LA MALBAIE, Quebec (Reuters) – A move by the United States to explore tariffs on auto imports is based on flimsy logic and is clearly linked to talks to modernize the NAFTA trade pact, Canadian Prime Minister Justin Trudeau said on Thursday.
Trudeau told Reuters in an interview that although the administration of U.S. President Donald Trump had raised the idea of auto tariffs, there was no guarantee the punitive measures would ever actually be imposed.
The Trump administration said on Wednesday it had launched a national security investigation into car and truck imports that could lead to new U.S. tariffs similar to those imposed on imported steel and aluminum recently. Canada rejects any idea it could be a threat to the United States.
“I am – even more than I was with steel and aluminum – trying to figure out where a possible national security connection is,” Trudeau said. “Taking that a step further into autos seems to me to be on even flimsier logical grounds.”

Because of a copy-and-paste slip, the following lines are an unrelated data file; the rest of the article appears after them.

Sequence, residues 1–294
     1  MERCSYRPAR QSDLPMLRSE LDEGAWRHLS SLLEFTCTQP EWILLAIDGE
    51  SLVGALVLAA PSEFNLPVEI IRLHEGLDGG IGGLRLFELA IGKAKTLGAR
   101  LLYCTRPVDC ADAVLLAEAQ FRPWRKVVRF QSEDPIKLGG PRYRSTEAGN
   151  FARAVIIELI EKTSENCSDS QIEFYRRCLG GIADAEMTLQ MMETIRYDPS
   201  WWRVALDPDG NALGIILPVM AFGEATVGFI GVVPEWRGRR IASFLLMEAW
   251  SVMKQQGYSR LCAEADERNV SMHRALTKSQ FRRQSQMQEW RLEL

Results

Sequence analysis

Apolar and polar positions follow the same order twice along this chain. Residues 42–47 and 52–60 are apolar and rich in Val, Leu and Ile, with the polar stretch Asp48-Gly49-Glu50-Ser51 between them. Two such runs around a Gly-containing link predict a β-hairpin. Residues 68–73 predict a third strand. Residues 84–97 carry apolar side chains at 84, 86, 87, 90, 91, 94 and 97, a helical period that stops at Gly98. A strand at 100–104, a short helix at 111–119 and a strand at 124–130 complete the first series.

Addressing another hot trade issue, Trudeau defended Canada’s decision to block a proposed C$1.51 billion ($1.18 billion) takeover of construction company Aecon (ARE.TO) by a Chinese state builder on national security grounds.
“We don’t want trade with China any which way at any cost. We want the right kind of trade deals with China and dealing with security issues…should be and would be part of any mature relationship we try to establish with one of the world’s largest and growing economies,” he said.
Reporting by David Ljunggren and Andrea Hopkins; Editing by Amran Abocar and Alistair Bell